Our investigation found the fire was caused by a severely overheated engine exhaust system. The raw water pump impeller had failed, and was the root cause of the engine and exhaust system overheat event. The exhaust blew against combustible material and ignited the fire.
The captain stated that he had not been watching the engine instruments, but had heard no audible engine alarm. The recently completed mechanical survey did not mention a problem with the audible alarm system, but further investigation revealed the mechanic had found the problem, but that finding did not make it into the report.
The mechanic had provided his handwritten notes to the report writer, but the inoperative engine alarm note was written the report on the back of his field notes and the report writer missed this note.
This overheating scenario is not uncommon. It takes about fifteen minutes for a boat engine to severely overheat, in a normal usage situation. Had the audible alarm alerted the captain or the owner to the engine overheating condition, the engine would have been turned off prior to catastrophic failure and prior to the fire. Engines overheat all the time with very little consequential damage.
This story had a semi-happy ending. Nobody was hurt, we got a job, the insurance company paid a total loss and another boat was purchased. The boat broker sold two boats in a short period of time and was extremely happy. We assume the boat owner went on to pursue her dream of boating and lived happily ever after.
The lesson; audible engine alarms are critically important. Automatic fire extinguishing systems save lives. Boat fires are bad for you, bad for insurance companies but good for boat brokers and good for our business.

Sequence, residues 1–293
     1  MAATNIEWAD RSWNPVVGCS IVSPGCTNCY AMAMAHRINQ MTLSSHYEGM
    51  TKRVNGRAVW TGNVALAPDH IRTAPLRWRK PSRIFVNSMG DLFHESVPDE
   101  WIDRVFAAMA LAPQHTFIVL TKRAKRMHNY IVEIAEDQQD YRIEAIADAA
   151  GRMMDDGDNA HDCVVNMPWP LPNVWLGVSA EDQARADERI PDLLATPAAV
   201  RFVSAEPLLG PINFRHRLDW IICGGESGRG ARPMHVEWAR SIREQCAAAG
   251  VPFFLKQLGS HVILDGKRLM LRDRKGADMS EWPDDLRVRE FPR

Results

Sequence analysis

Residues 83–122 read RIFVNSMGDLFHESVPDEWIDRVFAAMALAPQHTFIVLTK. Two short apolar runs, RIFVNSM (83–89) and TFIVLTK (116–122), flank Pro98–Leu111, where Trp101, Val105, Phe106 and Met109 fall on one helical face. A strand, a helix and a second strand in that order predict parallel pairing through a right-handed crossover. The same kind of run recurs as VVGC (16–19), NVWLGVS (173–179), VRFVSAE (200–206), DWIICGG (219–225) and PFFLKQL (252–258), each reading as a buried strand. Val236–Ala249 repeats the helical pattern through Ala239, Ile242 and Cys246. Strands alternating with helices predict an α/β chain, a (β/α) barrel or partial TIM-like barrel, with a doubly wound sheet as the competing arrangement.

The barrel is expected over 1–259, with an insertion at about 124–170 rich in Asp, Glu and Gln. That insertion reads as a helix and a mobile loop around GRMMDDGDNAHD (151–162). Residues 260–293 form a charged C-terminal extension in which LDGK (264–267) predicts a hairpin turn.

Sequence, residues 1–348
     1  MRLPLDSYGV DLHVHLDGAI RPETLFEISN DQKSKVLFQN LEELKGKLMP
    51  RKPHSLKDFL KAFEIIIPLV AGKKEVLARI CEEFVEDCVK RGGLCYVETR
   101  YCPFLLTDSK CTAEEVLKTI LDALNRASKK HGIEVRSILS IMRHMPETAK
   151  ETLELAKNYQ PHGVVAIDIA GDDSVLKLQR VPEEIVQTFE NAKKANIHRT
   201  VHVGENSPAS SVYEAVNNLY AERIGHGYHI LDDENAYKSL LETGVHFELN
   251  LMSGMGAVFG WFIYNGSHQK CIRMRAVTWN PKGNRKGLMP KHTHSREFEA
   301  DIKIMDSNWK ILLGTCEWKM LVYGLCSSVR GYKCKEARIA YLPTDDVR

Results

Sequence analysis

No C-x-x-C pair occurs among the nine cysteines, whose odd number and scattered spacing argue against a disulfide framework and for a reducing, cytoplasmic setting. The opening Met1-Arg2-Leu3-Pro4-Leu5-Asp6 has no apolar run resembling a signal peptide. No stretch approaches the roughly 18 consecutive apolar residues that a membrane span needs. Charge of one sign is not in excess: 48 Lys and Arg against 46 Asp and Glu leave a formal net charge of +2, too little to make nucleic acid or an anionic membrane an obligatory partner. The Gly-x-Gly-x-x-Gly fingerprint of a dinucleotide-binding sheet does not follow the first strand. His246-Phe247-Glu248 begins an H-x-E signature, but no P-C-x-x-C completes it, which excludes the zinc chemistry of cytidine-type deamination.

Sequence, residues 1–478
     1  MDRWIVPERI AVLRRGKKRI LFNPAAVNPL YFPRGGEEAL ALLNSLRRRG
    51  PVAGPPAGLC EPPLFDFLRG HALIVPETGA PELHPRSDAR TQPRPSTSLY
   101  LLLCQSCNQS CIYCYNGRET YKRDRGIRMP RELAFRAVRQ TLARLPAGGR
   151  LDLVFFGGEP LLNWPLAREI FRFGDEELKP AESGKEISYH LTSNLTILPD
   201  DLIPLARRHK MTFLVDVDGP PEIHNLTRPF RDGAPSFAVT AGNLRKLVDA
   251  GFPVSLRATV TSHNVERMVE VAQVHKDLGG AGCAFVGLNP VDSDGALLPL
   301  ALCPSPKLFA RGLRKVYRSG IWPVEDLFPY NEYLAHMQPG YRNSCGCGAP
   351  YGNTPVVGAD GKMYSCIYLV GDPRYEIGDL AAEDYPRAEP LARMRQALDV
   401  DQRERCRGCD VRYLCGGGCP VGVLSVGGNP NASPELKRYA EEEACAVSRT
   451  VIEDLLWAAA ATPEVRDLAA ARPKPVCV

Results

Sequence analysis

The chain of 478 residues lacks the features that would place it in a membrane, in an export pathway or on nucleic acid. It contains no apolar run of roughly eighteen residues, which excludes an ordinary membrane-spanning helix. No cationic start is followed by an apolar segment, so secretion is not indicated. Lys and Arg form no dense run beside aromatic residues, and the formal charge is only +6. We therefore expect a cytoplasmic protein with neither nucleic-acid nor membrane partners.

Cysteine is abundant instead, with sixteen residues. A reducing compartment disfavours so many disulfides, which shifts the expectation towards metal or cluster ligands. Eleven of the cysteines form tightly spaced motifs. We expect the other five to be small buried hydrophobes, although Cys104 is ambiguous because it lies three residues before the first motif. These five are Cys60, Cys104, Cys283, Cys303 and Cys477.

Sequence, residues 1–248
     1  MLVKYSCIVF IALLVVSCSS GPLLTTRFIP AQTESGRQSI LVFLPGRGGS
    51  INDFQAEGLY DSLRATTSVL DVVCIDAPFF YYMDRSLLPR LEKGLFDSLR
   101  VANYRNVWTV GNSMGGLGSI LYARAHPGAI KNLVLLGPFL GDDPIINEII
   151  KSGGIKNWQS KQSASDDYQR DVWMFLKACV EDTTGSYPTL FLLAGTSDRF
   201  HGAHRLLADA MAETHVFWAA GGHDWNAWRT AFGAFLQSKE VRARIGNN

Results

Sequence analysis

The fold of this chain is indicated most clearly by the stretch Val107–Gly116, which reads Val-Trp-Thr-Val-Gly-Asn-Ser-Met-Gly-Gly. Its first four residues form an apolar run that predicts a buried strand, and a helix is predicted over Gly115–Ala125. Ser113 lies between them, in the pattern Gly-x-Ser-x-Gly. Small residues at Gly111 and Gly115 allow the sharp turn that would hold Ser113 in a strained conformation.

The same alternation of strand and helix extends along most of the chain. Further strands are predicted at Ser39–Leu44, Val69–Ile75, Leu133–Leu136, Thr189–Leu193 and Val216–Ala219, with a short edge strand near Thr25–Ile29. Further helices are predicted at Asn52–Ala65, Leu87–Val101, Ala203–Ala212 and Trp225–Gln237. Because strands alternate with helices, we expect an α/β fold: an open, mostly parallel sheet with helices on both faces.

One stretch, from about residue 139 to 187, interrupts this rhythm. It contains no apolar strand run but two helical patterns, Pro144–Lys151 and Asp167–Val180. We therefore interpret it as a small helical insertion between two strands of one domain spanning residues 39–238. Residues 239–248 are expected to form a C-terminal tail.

Kells Christian has been an accredited Marine Surveyor since 1990. His expertise extends to both recreational and commercial vessels. You can e-mail your marine surveyor questions to firstname.lastname@example.org or Click Here to visit his web site.
Shelter Island Boat Launch Re-opening
The Shelter Island Boat Launch Facility Improvement Project is currently 50 percent complete and is behind schedule, although efforts are being made to minimized delays in reopening. Here is a link to the full press release regarding the re-opening of the ramp.
Autopsy of a Capsize - Did "Wave Height" Have Anything to do With It?
- By Commodore Vincent Pica
When it comes to the forces that can cause a boat to capsize, tragedies abound that point to the urgent need for more understanding of the effect of wave height in this phenomenon by boat captains.
There is a tremendous amount of data on "Righting Moments", "Center of Buoyancy" and "Center of Gravity" thanks to the U.S. Navy and the U.S. Coast Guard, amongst many other institutions that literally live and die by these metrics.
To understand the forces of capsizing, and how those forces change when you load the boat, let's get some terms under our belt.
Most of us understand "Center of Gravity" (G) instinctively, but what is the "Center of Buoyancy" (B)? The Center of Buoyancy is the center of the volume of water which the hull displaces.
When a ship is stable, the Center of Buoyancy is vertically in-line with the center of gravity of the ship. So, as long as the Center of Gravity pushing the boat down is above the Center of Buoyancy pushing the boat up, we're good.
How good? That is a very good question and as with many good questions, it requires more information to answer properly. Take a look at this diagram.
What is that "M" sitting up there above our trusty Center of Gravity and the Center of Buoyancy? That is something very important called the Metacenter.
The Metacenter remains directly above the Center of Buoyancy regardless of the heeling of a boat (tilting caused by external factors like wind or waves) or listing (tilting caused by internal factors such as poorly stowed cargo or on-boarding of water by wind or waves).
Now take a look at this diagram. If you are starting to worry about the distance between "G" and "M" called the "Metacentric Height" (or "GM" in naval architecture parlance), you're catching on quickly.